“Really, we were dividing and conquering the tasks,” Fabic said.
“Over here in Toronto, my job was to get ready for the move, pack everything up and send it over. Her job was to find a place in Victoria and then unpack and then I would meet her there. And then everything was ready, our daughter would meet us there.”
The couple is shipping everything in their condo to Victoria. According to the plan, when Chloe finally went to Victoria in March, her new life would be set up for her. Now, Fabic doesn’t know how long Chloe will be in China.
“We were planning for kind of that next chapter, that next phase of life. Then the Wuhan crisis occurred,” Fabic said.
The week before the quarantine, Li’s parents said they had heard nothing indicating the magnitude of the problem. On Tuesday, Fabic and Li realized they needed get the three of them out. Then on Wednesday, the airport and public transportation were shut down. Fabic said Chloe and her grandparents had “no way” to leave.
“We couldn’t do anything,” he said.
Fabic said he is worried about any exposure to the coronavirus as well as access to food. “She’s really young. I’m not sure her immune system can take this,” he said.
China has taken drastic measures to limit the spread of the coronavirus, and last week, it cut plane, train and bus links to Wuhan, a city of more than 11 million people. China has quarantined several other nearby cities since then, cutting off an estimated 19 million people.
Couple has obtained consular case number
According to Fabic, Li called Canadian consular officials repeatedly and was finally given a consular case number on Sunday.
Global Affairs Canada said in an email to CBC Toronto on Tuesday that it cannot comment.
“Due to the provisions of the Privacy Act, we are unable to provide information on specific cases,” said Angela Savard, media relations spokesperson for Global Affairs Canada.
Champagne, the foreign minister, said on Tuesday that Ottawa is “looking at all options” to help Canadians quarantined in China during the outbreak.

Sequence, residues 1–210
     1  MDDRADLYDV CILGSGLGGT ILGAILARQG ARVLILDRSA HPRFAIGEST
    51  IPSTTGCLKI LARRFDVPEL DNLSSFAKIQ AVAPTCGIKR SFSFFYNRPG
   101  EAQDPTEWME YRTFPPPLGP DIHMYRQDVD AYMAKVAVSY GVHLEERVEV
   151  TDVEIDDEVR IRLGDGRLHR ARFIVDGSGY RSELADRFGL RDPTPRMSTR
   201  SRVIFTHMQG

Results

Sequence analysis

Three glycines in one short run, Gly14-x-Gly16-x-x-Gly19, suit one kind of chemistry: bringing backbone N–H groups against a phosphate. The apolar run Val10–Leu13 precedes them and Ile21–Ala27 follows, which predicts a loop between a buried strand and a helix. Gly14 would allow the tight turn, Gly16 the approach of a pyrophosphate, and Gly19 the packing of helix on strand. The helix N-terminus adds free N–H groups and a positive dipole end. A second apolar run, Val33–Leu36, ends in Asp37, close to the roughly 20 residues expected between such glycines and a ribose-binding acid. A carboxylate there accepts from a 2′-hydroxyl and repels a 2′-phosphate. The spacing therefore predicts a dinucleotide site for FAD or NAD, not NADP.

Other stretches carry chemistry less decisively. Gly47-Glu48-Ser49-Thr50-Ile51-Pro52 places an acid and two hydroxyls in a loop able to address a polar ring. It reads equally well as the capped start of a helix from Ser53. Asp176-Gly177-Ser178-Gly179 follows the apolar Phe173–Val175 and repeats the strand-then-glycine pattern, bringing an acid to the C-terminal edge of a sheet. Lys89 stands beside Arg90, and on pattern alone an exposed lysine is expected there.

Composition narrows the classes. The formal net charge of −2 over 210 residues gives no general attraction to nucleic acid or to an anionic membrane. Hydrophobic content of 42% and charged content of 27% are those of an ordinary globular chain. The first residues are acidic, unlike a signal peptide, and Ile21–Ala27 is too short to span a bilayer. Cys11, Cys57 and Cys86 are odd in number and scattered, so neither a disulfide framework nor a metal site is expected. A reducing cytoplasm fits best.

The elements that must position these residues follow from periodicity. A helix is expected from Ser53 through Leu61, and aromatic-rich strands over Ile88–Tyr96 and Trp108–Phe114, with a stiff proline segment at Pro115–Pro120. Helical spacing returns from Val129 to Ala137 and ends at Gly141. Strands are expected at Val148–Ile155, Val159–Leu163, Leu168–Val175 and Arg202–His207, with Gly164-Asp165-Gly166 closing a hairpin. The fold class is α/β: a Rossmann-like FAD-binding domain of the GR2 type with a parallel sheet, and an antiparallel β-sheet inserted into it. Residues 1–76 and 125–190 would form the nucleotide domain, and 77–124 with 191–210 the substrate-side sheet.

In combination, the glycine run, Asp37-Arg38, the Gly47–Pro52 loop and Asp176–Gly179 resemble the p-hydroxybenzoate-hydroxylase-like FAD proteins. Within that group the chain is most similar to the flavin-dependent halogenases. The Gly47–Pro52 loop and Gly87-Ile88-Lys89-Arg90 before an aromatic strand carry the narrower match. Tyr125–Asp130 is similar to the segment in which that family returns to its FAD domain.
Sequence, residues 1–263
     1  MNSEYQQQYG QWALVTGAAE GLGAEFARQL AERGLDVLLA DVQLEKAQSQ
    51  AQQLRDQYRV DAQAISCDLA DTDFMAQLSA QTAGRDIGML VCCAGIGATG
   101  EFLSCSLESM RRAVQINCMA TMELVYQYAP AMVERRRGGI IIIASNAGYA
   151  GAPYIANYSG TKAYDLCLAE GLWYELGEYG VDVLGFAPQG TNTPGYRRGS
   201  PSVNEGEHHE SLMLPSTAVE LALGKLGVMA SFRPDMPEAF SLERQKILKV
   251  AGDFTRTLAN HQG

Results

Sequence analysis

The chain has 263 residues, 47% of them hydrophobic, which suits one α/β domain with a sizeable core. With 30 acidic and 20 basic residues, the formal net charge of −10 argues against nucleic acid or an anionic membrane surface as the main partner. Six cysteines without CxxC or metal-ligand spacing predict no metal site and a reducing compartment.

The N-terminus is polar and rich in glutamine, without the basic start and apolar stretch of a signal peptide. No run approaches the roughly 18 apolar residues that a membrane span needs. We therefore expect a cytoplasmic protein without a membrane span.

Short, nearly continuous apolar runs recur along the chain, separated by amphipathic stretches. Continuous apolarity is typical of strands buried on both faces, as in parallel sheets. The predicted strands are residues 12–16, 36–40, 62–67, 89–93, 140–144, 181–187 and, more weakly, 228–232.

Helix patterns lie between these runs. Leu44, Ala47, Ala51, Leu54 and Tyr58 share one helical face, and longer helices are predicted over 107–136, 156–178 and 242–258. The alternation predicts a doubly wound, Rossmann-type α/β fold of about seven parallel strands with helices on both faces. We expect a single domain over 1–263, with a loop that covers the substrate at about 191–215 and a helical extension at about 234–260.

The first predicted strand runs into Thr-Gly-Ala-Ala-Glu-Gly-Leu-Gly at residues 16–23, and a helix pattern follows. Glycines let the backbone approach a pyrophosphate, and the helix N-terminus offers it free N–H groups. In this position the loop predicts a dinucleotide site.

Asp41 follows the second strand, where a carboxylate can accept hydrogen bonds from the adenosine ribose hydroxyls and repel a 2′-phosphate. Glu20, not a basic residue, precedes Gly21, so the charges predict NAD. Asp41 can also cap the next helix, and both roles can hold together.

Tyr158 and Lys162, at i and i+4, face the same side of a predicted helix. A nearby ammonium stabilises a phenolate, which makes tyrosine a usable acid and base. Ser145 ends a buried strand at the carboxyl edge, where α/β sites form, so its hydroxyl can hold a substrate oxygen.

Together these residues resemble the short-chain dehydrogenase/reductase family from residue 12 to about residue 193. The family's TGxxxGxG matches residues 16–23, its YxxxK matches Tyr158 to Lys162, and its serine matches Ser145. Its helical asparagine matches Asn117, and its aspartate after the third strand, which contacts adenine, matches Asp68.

Global Affairs Canada in contact with Canadians in Wuhan
Champagne said 250 Canadians have registered with Global Affairs Canada to say they are in Wuhan and 126 of them have asked for help to get home. He said his officials are trying to contact each one of them to assess their needs.
“Every Canadian that has reached out to us for consular assistance will receive it,” he said.
He said Canada will tailor its response based on what it finds after all the Canadians asking for help have been contacted.
He noted the number of Canadians seeking help keeps changing as more and more people register via the Global Affairs Canada website — the previous day, the number of Canadians registered in the region was 167.
Champagne said help could include sending a plane to fly them home, but that Canada is also working with other countries in similar situations. Canada doesn’t have a diplomatic office in Wuhan but other countries do and are airlifting their workers. In some cases, private citizens are leaving alongside the diplomats.
Champagne said Ottawa is in contact with the Chinese government about making sure Canada can help its citizens.
B.C. confirms province's first presumptive positive case of new coronavirus – CTV News
The first presumptive positive case of novel coronavirus has been detected in British Columbia, health officials confirmed Tuesday.
The B.C. Centre for Disease Control said one patient appears to be infected with the newly discovered coronavirus and is currently in isolation at home.
The individual is a 40-year-old male who travels to China regularly and was in Wuhan city on his most recent trip, officials said. He lives in the Vancouver Coastal Health region.
“This is a gentleman who is well aware of what is going on in China and when he went home he voluntarily self-isolated,” said Dr. Bonnie Henry at a news conference Tuesday.
The man contacted a health-care provider on Jan. 26 to let them known he had travelled to Wuhan and was experiencing symptoms.
That health-care provider gave a diagnostic test, which came back positive on Monday night.